A MAN claims the health board is shirking its responsibilities in trying to push through a new health care plan, while a woman describes how children were able to play before alleged fly-tipping took place.

Here’re some peoples' thoughts in our latest round of letters.

‘It sounds like the public’s healthcare is held to ransom by landlords and GP partners’

I believe, counter-productively, that the Wellbeing Hub project has incentivised GPs (and the practice landlords) to close existing practices and move to the hub.

The Wellbeing Hub should remain independent in its goals to bring new advanced diagnostic and community healthcare services to the Eastern Vale, which will include Penarth, Sully, Dinas Powys and Llandough.

Separately, the Health Board should bolster and improve GP services in the town centre.

Read more: Reality bites as health board lay it on the line in latest meeting with public

I had the distinct impression last night that the Health Board are shirking their responsibility in delivering GP services in the town. Statements like: "It’s the decision of the GP partners whether they close the practice or not” and “It’s the landlord’s decision to sell the property” don’t help the situation.

It sounds like the public’s healthcare is held to ransom by landlords and GP partners. Ultimate responsibility for delivering healthcare in Penarth rests with Suzanne Rankin and her team.

By January 1, 2026, Penarth will be down to one GP surgery from four, and a Wellbeing Centre that won’t be tabled to open for another 18 months at least. That is an appalling reflection on Suzanne Rankin’s ability to deliver her “Our Future Wellbeing” programme.

Finally, as chair of Penarth Business Group, I would insist on locating a new GP practice in the town centre. Their location in the town centre would contribute to the social fabric of Penarth, as they are often familiar and trusted places for residents to seek healthcare. Moving services away from the population centre would lead to a loss of community connection and negatively impact the overall sense of belonging and community identity.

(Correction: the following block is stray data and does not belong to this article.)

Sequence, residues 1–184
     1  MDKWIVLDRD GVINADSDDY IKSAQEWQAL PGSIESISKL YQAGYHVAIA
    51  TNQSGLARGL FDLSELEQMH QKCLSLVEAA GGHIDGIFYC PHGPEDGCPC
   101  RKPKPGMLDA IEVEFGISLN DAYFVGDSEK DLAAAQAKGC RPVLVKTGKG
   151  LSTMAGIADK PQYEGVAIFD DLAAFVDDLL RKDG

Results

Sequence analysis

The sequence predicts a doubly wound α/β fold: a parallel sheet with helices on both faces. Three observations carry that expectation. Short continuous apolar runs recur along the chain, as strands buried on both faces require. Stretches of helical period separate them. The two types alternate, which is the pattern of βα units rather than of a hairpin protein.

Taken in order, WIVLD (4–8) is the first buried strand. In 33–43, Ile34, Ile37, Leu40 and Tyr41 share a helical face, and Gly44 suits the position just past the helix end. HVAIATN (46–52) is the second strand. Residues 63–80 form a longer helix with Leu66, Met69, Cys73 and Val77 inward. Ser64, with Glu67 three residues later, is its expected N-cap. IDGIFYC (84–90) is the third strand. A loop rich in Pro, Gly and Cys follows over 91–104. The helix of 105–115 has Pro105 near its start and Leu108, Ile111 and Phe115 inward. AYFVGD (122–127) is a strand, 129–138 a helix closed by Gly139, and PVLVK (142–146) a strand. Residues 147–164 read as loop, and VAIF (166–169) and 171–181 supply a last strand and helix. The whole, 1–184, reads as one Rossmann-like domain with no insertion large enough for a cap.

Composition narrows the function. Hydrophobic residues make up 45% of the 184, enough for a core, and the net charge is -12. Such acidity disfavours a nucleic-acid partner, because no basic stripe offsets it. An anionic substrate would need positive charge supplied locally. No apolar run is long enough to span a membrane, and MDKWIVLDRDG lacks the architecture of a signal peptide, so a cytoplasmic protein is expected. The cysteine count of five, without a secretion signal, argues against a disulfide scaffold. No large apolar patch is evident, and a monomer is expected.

John Davies, chair, Penarth Business Group

‘Don't desecrate grounds that people use in their community’

Set in the middle of Moxon Street, Harvey Street, Quarella Street and Main Street, this play area was accessed by all the children of the street for more than 15 years

This plot of land, with its basketball foundations, was accessible to 15/20 children who played on it on a daily basis.

Read more: See the latest pictures of THAT allotment in Barry as woman says 'sanctuary's' gone

It was safe and away from roads, especially for the most vulnerable children to use. Everyone played together, sharing their toys, bikes and scooters, teaching each other how to ride them. Everyone interacted and included each other and friends and relationships were made during school holidays.

Don't desecrate grounds that people use in their community.

Sue Mitchell, Barry

If you have an opinion on a story and want to send us a letter, best way to do it is email harry.jamshidian@newsquest.co.uk. Add your name and where you live and we’ll put it in the paper. We’d love to hear your thoughts!